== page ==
By Sui-Lee Wee
BEIJING (Reuters) - The U.S. envoy for North Korean policy said on Thursday Washington was making no linkage between talks between the two countries on food aid and trying to get the reclusive nation back to the table to discuss its nuclear program.
Robert King, the State Department's special envoy for human rights in North Korea, was meeting with North Korean officials in Beijing to discuss Washington's conditions for resuming aid halted in 2009 amid disagreements over transparency and monitoring.
The State Department said the North Korean delegation would include Ri Gun, Pyongyang's deputy negotiator for stalled six-party nuclear disarmament talks, but U.S. officials insisted there was no link between the food talks and the nuclear impasse.
U.S. officials have cautioned that no decision was imminent.
"The short answer is there isn't any linkage between this issue of the provision of nutritional assistance to North Korea and this broader discussion that we hope to have with the North at the right time, if they do the right thing, on these issues related to denuclearization," Special Representative for North Korea Policy Glyn Davies told reporters in Beijing.
"But I will say that we are paying close attention to how these talks on nutritional assistance go. We are looking for the north to engage in those discussions in good faith," he added.
"There's no reason that these talks will be long and protracted and drawn out. The issues are relatively straightforward. We'll be watching it but that's about the extent that I'll say there's a read across or cross over here."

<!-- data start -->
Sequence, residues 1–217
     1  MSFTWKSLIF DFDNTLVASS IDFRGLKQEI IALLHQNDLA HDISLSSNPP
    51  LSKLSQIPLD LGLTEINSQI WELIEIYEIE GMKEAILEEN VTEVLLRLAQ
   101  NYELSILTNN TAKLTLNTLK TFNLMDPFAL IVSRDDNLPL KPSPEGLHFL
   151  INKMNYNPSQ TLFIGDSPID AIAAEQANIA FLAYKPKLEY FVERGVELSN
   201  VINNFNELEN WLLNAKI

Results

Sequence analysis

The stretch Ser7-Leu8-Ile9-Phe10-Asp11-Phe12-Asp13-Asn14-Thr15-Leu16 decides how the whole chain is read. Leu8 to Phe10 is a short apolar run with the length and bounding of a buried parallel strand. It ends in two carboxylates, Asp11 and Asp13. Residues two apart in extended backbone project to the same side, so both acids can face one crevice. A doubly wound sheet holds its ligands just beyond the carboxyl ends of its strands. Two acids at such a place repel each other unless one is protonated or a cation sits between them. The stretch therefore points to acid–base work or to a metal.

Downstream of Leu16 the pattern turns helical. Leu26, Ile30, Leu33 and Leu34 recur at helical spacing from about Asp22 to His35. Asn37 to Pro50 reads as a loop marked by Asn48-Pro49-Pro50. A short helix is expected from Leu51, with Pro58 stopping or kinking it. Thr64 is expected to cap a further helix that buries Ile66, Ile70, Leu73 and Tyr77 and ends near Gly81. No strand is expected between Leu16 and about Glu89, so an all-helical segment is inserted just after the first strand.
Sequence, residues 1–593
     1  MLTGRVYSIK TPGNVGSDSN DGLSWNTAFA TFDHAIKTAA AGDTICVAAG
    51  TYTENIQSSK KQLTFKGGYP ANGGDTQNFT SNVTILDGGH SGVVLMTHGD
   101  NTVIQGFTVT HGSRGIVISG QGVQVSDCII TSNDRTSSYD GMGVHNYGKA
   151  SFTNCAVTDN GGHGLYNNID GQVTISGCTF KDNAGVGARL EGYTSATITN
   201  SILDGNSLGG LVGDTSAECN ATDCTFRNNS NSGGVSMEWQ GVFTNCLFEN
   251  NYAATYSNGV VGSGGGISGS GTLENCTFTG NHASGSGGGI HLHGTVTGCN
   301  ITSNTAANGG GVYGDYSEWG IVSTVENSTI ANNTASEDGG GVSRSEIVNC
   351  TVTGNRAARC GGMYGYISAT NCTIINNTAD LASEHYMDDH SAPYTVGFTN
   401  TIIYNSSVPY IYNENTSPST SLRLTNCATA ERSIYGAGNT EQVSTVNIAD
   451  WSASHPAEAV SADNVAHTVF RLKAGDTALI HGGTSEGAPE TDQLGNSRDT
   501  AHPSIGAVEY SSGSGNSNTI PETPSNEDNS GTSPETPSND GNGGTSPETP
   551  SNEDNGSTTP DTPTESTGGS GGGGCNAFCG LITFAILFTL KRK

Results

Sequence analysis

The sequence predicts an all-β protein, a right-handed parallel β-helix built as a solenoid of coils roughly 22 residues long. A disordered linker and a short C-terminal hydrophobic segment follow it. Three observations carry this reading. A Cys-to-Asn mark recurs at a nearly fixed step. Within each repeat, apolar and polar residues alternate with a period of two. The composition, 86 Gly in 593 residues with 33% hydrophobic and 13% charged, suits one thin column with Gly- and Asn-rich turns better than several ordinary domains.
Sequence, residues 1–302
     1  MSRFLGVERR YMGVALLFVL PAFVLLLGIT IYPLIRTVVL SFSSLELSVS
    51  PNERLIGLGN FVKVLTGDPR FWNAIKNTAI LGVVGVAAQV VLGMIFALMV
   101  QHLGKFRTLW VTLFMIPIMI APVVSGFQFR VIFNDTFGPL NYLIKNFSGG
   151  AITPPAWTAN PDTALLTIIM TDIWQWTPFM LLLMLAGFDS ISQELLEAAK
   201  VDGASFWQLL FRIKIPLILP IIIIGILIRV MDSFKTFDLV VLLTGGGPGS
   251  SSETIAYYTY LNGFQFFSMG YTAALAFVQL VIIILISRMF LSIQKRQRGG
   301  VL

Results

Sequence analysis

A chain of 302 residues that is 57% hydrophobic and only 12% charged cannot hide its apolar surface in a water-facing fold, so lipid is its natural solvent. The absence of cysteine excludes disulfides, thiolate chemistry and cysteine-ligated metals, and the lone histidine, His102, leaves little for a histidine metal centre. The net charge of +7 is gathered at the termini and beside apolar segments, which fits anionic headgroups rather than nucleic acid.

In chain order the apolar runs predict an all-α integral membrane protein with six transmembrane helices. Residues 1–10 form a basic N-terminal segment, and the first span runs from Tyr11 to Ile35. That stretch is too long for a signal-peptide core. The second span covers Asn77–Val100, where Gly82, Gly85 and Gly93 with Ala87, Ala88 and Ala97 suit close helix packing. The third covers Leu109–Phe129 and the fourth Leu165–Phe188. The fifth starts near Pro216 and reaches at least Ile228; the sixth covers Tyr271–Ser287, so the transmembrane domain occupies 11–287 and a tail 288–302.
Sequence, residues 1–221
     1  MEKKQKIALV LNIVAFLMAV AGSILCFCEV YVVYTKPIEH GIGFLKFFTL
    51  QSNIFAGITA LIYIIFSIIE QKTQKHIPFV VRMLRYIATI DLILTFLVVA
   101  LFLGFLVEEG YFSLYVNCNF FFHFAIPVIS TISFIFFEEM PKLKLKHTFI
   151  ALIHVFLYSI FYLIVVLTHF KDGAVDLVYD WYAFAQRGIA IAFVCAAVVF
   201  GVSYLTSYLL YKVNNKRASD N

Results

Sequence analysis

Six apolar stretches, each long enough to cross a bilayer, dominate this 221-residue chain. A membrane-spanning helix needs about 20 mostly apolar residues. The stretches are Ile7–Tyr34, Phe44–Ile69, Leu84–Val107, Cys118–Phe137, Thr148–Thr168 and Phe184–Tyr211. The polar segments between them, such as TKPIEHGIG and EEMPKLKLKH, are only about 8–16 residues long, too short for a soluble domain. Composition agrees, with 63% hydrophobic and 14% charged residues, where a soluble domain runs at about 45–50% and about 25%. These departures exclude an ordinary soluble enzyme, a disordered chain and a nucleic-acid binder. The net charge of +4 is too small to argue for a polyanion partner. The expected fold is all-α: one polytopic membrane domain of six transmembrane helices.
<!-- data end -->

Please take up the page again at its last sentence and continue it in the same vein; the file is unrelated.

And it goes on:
North Korea suffered a crippling famine in the 1990s that killed an estimated 1 million people. It has continued to have chronic food shortages, which have been compounded since 2008-9 when the United States and South Korea suspended their food assistance efforts.
Davies said King's talks in Beijing would centre on the "modalities" of providing food aid.
"We need the right degree of cooperation from Pyongyang and from the government, we need the right degree of access for our people and we need to ensure that this nutritional assistance goes to the populations that need it," Davies said.
"We have a good idea of what's needed for the undernourished populations in North Korea, so this should not be a difficult set of discussions on nutritional assistance. It'll be watched for what the North Koreans bring to the table and how well these discussions go."
Critics accuse the North's authoritarian leadership of siphoning off aid to feed its million-strong army or stockpiling in the event of further, tightened sanctions over its nuclear program.
Six-party talks involving the two Koreas, the United States, China, Japan and Russia broke down in 2008, and United Nations inspectors were expelled from North Korea in 2009.
Despite repeated efforts, there has been little sign of progress since then.
U.S. and North Korean official have met twice in recent months regarding an eventual return to talks on ending Pyongyang's atomic programs.
The meetings, despite no immediate breakthrough, marked the end of a period of acute tensions last year when Seoul accused Pyongyang of sinking one of its ships and shelling one of its islands.
(Writing by Ben Blanchard; Editing by Yoko Nishikawa)